You should use the power to dictate what image gets downloaded sparingly. In fact, you should only use it when you’re solving for art direction, not for resolution switching.
Last year, Yoav tried to figure out what percentage of responsive images fell under the art direction use case. The answer: 25%.
Responsive design is still early so we may find that the percentage changes, but it is unlikely that we’ll ever reach a point where the number of art directed responsive images out-numbers the number of resolution switching ones.
Therefore, for most responsive images, the
<picture> element is the wrong solution. You should be using
Getting this right matters a great deal to the future of the web. We’ve seen in the past what happens when web developers create a large installed base of suboptimal web pages. We end up with browsers adopting other browser’s css prefixes or media types such as mobile and TV ignored by all mobile phones and TVs.
If we create thousands of web pages that use the
<picture> element for resolution switching, we doom ourselves to having to specify every single image needed instead of letting the computers—the browsers—do what they do best and automatically find the right image based on a multitude of variables.
Worse, we doom our users to a future where they are unable to take advantage of whatever browser advances come because we’ve taken the browser’s discretion away and dictated what image should be downloaded.
A lot of this confusion comes from the fact that we have a specification that ended up with picture in the title even though the specification covers more than just picture.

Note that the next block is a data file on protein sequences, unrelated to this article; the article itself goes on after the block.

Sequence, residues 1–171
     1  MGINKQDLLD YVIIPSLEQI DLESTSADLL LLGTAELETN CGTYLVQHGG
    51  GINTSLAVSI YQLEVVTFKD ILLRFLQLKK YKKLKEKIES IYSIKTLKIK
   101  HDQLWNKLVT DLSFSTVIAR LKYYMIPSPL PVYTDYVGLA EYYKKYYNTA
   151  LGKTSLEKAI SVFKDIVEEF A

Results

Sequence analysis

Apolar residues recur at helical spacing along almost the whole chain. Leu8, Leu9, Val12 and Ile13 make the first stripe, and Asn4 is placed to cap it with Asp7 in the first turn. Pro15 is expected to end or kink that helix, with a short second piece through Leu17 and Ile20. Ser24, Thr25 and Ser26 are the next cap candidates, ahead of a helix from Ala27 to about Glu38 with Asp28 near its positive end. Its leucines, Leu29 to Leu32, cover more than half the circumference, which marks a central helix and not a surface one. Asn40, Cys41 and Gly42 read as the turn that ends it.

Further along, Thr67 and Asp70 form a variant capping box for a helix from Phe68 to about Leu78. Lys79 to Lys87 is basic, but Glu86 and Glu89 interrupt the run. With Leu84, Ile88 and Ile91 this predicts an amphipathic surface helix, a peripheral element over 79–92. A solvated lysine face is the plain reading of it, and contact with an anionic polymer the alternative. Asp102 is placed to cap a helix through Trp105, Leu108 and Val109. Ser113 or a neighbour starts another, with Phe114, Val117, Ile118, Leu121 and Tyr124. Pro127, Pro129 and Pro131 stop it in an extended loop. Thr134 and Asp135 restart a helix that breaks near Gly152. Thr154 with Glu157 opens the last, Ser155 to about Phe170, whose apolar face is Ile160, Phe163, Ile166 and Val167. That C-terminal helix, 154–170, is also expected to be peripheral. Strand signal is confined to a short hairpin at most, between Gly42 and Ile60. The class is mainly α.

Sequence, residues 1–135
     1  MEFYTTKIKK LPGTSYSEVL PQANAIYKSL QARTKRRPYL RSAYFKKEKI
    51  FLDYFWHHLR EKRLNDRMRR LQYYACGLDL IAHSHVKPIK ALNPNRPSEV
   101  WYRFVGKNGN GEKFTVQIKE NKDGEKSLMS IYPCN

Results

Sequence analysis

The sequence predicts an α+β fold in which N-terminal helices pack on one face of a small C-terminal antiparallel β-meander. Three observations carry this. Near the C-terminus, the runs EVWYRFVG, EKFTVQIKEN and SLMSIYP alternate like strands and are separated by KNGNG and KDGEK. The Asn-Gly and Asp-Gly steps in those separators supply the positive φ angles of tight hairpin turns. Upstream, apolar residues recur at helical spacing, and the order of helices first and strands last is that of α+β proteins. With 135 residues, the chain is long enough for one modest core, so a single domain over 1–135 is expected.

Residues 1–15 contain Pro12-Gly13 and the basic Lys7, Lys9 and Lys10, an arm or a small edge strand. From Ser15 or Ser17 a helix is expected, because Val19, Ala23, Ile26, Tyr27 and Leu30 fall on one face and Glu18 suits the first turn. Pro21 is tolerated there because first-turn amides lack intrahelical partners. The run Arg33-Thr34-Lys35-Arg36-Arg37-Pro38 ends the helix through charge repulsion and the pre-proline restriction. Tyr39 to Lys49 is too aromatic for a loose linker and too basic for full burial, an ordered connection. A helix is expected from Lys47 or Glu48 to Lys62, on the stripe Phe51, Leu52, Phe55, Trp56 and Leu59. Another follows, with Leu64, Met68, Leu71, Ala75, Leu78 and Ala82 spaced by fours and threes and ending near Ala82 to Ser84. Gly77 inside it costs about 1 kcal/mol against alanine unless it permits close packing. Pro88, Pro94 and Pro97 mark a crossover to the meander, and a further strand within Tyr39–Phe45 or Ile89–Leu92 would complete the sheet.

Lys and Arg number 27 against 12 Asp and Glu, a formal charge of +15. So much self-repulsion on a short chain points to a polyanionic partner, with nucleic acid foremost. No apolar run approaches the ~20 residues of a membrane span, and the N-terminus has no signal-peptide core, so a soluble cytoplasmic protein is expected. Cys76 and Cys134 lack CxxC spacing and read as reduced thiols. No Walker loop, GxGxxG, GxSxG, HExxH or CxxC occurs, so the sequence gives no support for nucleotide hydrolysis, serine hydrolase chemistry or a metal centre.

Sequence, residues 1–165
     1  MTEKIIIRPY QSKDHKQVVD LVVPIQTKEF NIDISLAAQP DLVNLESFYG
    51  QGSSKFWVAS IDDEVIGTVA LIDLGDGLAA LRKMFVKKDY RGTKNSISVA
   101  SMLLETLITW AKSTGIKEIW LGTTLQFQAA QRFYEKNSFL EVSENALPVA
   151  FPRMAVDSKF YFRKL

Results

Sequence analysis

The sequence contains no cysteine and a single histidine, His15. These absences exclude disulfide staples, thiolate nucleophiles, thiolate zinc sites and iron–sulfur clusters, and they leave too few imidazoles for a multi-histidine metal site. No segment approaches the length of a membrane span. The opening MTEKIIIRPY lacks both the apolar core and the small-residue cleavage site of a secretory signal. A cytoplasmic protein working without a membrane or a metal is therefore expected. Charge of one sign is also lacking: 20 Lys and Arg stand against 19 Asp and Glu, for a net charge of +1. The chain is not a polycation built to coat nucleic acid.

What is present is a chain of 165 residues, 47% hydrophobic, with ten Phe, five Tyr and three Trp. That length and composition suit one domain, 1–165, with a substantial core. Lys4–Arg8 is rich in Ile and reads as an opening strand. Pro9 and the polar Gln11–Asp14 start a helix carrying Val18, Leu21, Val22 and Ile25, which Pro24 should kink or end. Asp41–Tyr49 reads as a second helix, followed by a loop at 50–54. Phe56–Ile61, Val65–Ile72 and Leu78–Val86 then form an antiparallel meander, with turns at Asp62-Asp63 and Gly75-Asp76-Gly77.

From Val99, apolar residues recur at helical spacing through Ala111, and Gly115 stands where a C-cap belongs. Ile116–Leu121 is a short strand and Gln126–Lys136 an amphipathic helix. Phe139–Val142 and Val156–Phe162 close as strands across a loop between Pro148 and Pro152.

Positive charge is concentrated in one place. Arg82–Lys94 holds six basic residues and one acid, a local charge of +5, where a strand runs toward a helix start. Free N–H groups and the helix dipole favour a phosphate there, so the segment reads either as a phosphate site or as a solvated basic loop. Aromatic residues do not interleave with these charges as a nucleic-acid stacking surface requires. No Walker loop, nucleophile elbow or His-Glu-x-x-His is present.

For those who have been heavily involved in the development of a solution for responsive images, picture is a nice shorthand. That’s why you see that even it referred to as <picture> in Chrome Status and Modern IE Status.
Using picture as a shorthand it creates confusion when talking to people who are just now looking to implement responsive images. I asked the Responsive Images Community how they’ve been handling this confusion.
Bruce Lawson says:
I tend to refer to “picture and friends” or, generically, “responsive images”
And Odin Hørthe Omdal adds:
I always talk about responsive images, and I think I probably say the respimg specification.
So I’m going to attempt to do the same. I’m going to break myself of the habit of referring to the picture specification and instead refer to responsive images specification even if that isn’t technically the name of the specification. I think people will understand what I mean, and it will help ensure more people understand that it isn’t all about
- The picture specification contains more than just the
<picture>element. Think of it as the responsive images specification.
The way to know when to use the
<picture>element is based on the use case you’re trying to solve.
- If you’re solving for the art direction use case, use the
<picture>element. Anything else, you should stick to
- Getting this right early—before we have thousands of pages using
<picture>incorrectly—is critical for the future of the web.
And with that, I will amend what Marcos wrote to say, “Go forth and make all your images responsive!”
- In the responsive images use case document, resolution switching is described with three different examples: Resolution-based selection, Viewport-based selection and Device-pixel-ratio-based selection.
And yes, they are all different reasons why you want to select a different resolution source, but they all involve resolution switching which is why I’m lumping them together.
- You may find this article I wrote on A Framework for Discussing Responsive Images to be a good high-level overview of the use cases.
- Some additional articles to help you understand the full features of the picture specification: HTML5 Rocks: Built-in Browser Support for Responsive Images, Srcset and sizes and Responsive Images Done Right: A Guide To <picture> And srcset by Eric Portis.